GHGA launches patient involvement efforts
The increase in the collection and storage of, as well as access to human genomic data has intensified ethical and social concerns about the risks of these efforts. As part of this debate, governance of genetic research databases (GRD) such as GHGA has come under increasing scrutiny. For a long time, the role of patients in GRDs has been limited to that of donors. This is changing, with patients being increasingly seen as collaborators in the development and operations of GRDs. There is no one-size-fits-all framework for patient involvement, it has to be context-specific: tailored to the GRD’s size, data groups and types, goals and resources. In many cases, the reasons for patient involvement have been framed in a functionalist or descriptive way (i.e. focusing on improving recruitment and retention in studies). There is, however, a need to explore normative grounds for patient involvement.
A qualitative study exploring german cancer and rare disease Patients‘ perspectives on Governance of an Omics Database (Study number: S- 061/2022) PaGODa-Study is our first step within GHGA to establishing sustainable, impactful patient involvement that will build and maintain trust in our relationship with patients and the public and empower them through active participation and education. This is a participatory study (meaning patient representatives are involved as co-researchers in the design and implementation of the study) that will use deliberative democratic forums to (a) explore patients‘ perspectives and preferences as pertains to governance of GHGA and (b) explore which concrete roles patients see themselves taking and whether or how these can be operationalized. To this end, aside from publications, a key output of the study will be a white paper in 2023, documenting these findings and offering suggestions concerning the governance structure and how it can be implemented.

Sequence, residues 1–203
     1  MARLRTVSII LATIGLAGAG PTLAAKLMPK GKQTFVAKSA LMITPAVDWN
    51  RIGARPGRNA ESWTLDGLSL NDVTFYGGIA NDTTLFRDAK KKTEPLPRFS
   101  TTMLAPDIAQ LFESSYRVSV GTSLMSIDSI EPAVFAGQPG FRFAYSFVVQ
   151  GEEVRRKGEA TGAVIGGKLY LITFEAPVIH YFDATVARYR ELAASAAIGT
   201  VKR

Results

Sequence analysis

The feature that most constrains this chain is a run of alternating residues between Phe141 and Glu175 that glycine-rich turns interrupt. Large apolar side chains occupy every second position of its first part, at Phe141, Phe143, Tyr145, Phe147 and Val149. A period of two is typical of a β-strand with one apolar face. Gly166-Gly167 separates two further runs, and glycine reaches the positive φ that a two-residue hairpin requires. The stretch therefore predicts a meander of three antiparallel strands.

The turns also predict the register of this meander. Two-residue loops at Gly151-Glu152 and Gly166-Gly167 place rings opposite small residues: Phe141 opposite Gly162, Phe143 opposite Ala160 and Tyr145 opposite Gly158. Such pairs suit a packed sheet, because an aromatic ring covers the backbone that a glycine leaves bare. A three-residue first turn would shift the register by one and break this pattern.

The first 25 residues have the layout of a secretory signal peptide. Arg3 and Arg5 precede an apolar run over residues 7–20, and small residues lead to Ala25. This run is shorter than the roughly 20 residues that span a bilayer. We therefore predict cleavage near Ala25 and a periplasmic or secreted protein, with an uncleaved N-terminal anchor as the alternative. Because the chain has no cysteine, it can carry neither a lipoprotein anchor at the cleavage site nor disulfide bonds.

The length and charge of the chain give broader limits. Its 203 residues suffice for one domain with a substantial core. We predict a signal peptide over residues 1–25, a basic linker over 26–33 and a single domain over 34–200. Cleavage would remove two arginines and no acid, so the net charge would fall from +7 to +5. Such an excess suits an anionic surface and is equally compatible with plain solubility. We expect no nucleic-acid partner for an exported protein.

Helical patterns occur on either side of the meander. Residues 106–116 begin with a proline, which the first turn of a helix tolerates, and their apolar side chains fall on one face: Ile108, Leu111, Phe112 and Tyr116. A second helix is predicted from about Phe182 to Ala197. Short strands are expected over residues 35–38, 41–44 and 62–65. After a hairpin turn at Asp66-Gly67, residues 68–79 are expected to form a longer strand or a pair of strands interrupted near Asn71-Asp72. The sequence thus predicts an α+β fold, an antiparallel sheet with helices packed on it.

The study also has methodological and theoretical objectives: Literature on the use of the deliberative method in medical and health research is lacking. This study will give useful insights into the method, and inform efforts to involve actively patients as co-researchers in projects in this context. Moreover, the study will give us an empirical basis for further theoretical exploration of the reasons to carry out and support patient involvement in all its forms.
Our efforts within the PaGODa-Study have already produced tangible results: the study protocol has been approved by the ethics commission and will be submitted for peer review and publication in coming weeks. A detailed text in plain language explaining databank operations and showing various perspectives of the ethical challenges has been prepared for use by study participants. After internal review, we will also make it accessible to patients and the public on the GHGA website. We have ongoing collaborations with international players (notably the European Clinical Research Infrastructure Network) through our participations in events in which we have advocated for patient involvement in big data governance in the health sector.
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